2014-10-02 / Opinions

Are our youngest children suffering injuries from parents being distracted by their smartphones?

By KIP BURKE
news editor

Why are young children having more accidents lately?

A story recently in the Wall Street Journal reports that, after years of fewer and fewer child accident injuries, there’s suddenly a significant jump in the number of nonfatal injuries to children under age five.

Suddenly the youngest kids are getting hurt more often.

Based on emergency-room records reported to the Centers for Disease Control and Prevention, injuries to young children rose 12 percent in the last few years. What’s worse, swimming pool accidents with injuries jumped by a horrifying 36 percent during that time, and accidents involving infants’ changing tables are up by more than 30 percent.

The Consumer Product Safety Commission says that children are getting hurt more during activities and at ages when parents are, normally, supervising closely. It just doesn’t make sense. After all the things we’ve done for child safety – pool fencing, car safety seats, awareness programs – suddenly we’re getting less safe? Our youngest kids are getting hurt more? Why?

Well, some experts say it’s because parents are now more distracted by their smartphones.

Just as using a cell phone makes driving more dangerous, using smartphones reduces parents’ ability to give that critical second-by-second supervision to very young children. The Wall Street Journal reports that emergency-room doctors are “seeing the growing use of hand-held electronic devices as a plausible explanation for the surprising reversal of a long slide in injury rates for young children. There have even been a few extreme cases of death and near drowning.” Not all doctors are quite ready to say there’s a direct link between parents’ increasing use of smartphones and the increase in injuries to children, but ER doctors say they’re seeing it every day. Parents are right there, supervising their children, but get distracted for 20 or 30 seconds reading a text or sending a tweet or posting a picture to Facebook, and in the few seconds their eyes are off their children, they get injured.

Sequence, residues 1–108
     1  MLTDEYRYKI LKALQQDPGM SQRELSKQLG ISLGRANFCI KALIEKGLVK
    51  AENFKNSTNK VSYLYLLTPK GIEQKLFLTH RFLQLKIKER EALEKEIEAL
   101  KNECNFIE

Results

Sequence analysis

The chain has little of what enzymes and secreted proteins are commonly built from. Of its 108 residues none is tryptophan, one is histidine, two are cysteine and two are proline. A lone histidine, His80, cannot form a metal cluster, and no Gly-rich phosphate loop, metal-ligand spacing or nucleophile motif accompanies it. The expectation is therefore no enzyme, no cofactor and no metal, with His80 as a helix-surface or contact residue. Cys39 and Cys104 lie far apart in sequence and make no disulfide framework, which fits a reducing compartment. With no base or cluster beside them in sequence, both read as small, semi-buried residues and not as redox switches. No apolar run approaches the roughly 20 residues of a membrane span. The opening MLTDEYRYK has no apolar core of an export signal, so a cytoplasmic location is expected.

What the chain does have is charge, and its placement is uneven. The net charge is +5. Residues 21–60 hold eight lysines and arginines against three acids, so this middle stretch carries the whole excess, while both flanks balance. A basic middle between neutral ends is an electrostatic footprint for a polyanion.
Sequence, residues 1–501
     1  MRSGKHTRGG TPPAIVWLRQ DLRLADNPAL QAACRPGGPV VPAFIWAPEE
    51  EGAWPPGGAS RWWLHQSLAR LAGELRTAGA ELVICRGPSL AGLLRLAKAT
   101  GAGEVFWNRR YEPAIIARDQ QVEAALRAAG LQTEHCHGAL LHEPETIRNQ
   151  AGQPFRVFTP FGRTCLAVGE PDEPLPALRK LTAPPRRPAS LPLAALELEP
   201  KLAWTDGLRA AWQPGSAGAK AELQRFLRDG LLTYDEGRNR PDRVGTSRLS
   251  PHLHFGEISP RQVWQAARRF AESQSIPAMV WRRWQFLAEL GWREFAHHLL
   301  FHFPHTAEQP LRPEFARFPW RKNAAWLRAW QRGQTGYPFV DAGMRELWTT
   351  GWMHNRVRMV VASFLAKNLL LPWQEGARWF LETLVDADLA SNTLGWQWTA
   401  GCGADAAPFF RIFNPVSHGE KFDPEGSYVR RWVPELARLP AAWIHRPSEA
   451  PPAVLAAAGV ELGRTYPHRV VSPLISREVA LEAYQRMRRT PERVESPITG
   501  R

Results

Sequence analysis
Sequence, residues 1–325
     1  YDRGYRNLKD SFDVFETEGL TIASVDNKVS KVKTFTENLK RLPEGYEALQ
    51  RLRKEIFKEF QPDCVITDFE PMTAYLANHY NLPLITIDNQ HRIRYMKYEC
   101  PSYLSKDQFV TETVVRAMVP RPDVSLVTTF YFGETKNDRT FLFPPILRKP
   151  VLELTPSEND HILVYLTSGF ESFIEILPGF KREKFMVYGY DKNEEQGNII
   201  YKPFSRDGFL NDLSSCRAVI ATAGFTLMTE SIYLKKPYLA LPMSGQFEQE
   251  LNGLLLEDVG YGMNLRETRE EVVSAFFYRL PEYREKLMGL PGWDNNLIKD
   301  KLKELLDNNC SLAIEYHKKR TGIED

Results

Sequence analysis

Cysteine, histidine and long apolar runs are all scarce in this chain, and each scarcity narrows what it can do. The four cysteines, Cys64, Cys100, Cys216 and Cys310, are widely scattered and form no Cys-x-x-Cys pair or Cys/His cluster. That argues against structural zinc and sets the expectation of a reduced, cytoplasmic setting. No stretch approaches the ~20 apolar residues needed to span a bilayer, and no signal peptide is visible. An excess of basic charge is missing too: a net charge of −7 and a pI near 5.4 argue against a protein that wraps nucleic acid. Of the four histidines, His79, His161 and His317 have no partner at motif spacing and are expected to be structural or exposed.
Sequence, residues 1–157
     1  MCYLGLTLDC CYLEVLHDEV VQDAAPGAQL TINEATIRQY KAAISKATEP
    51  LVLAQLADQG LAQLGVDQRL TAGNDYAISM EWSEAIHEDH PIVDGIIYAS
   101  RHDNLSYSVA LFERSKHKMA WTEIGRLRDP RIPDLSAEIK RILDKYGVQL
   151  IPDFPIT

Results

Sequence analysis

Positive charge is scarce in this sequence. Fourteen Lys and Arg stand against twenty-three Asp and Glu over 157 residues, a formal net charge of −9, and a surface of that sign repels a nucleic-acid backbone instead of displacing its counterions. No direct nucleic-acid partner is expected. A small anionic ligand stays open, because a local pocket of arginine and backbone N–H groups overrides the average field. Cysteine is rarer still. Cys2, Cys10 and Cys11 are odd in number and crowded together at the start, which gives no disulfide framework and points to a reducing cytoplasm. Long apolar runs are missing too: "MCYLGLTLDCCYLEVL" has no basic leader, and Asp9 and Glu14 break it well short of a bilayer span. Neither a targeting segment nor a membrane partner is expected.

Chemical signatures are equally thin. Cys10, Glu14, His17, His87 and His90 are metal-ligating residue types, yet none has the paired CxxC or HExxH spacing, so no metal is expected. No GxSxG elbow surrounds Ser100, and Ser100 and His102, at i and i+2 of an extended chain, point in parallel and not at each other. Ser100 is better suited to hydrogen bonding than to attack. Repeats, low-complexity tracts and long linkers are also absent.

Well, it’s been a couple of decades since my boys were under five, but I remember being amazed at what little escape artists they were. They could go from playing safely right before my eyes to magically being out of sight and up to something in seconds, even with me watching them like a hawk. My wife and I soon learned just how closely we had to watch the little guys, and they have a few scars to show for the times we got it wrong.

I learned that just shifting my attention to the television, or talking on the phone, took just enough of my brainpower for me to miss the subtle clues that my boys were about to go astray. They may have even seen my distraction as a chance to get away with a little mischief, the little angels. Either way, I know how easy it is to get distracted.

What’s scary is that I was right there, supervising my boys at play, and they still managed to get into a situation that hurt them. Why didn’t I see it coming?

Now, I didn’t write this to make parents of young children feel guilty, or to say that texting is evil. I use my smartphone a hundred times a day to text, email, chat, check Facebook, and it’s a handy device. But I can’t help but wonder how many times young mothers and dads have looked up from their phones and seen their children very close to being in danger, or already there.

We just have to realize that when we’re using our phones, we’re not all there. There’s a time to put it away and interface with our precious children face-to-face, with no distractions.

What’s more important, really?

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